As Morningstar economist Bob Johnson notes, a more plausible explanation for the workforce dropouts may be the back-to-school season, during which many students leave their summer jobs. "Typically, when students head back to school, these seasonal workers aren't replaced," Johnson notes. "Seasonal adjustment factors are supposed to capture this, but a lot of schools and universities are shifting the start of their school years earlier in August." He notes that a fairly big decline in temporary workers (120,000) supports this thesis. The Wall Street Journal also highlighted some data showing that seasonal hiring may have been a big factor in the August numbers. It cited a report from research firm Stone & McCarthy which found that August jobs numbers have missed economists expectations in 21 of the past 28 years. In all but four years that they missed expectations, the figures were revised upward later on. And the revisions are often quite significant. From 2001 through 2011, Stone & McCarthy found, August payrolls were revised upward by an average of 62,000 -- more than double the average for the next highest month (November). The firm cited seasonal hiring as one potential big factor for this.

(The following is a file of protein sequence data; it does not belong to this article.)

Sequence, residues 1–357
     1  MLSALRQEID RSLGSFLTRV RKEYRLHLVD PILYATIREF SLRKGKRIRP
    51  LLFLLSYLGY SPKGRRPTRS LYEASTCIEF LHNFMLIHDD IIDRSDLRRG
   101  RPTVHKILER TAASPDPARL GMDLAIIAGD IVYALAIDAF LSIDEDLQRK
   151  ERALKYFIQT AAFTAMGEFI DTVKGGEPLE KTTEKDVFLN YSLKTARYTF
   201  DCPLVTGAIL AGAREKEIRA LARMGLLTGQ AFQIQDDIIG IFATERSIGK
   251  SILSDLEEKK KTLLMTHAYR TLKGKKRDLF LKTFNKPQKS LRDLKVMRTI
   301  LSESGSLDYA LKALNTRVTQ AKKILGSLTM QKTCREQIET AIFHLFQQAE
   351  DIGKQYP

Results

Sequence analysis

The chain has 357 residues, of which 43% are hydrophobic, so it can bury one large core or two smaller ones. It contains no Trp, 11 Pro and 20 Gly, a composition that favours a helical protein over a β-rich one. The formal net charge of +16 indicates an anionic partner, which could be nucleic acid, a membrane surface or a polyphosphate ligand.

A closer look at the August report would seem to further support the student-summer-job theory. For example, while the unemployment rate dropped in August, the unemployment rate for those age 16 to 19 jumped nearly a full percentage point. Bottom line: While the August jobs report was disappointing, I wouldn't read too much into it just yet.
In other areas, good news has continued to come from the housing market. The National Association of Realtors' Pending Home Sales Index, a forward-looking indicator, rose 2.4% in July (vs. June). The index is now 15% higher than it was a year ago.
The manufacturing sector, meanwhile, offered mildly disappointing news. The Institute for Supply Management's manufacturing index showed the sector contracted in August for the third straight month, after having expanded for three years straight. The August reading, like those of the previous two months, showed that the sector was barely in contraction territory, however, coming in at 49.6 (a reading below 50 indicates contraction). There was also a big jump in the prices sub-index, which measures the prices businesses pay for raw materials, something to keep an eye on.
ISM's service sector index rose, however, and remained in expansion territory for the 32nd straight month. Its employment sub-index made a nice gain as well, though its prices sub-index also made a significant jump.
Since our last newsletter, the S&P 500 returned 4.3%, while the Hot List returned 4.2%. So far in 2012, the portfolio has returned 18.0% vs. 16.1% for the S&P. Since its inception in July 2003, the Hot List is far outpacing the index, having gained 166.8% vs. the S&P's 45.9% gain.
The Resilience of Equities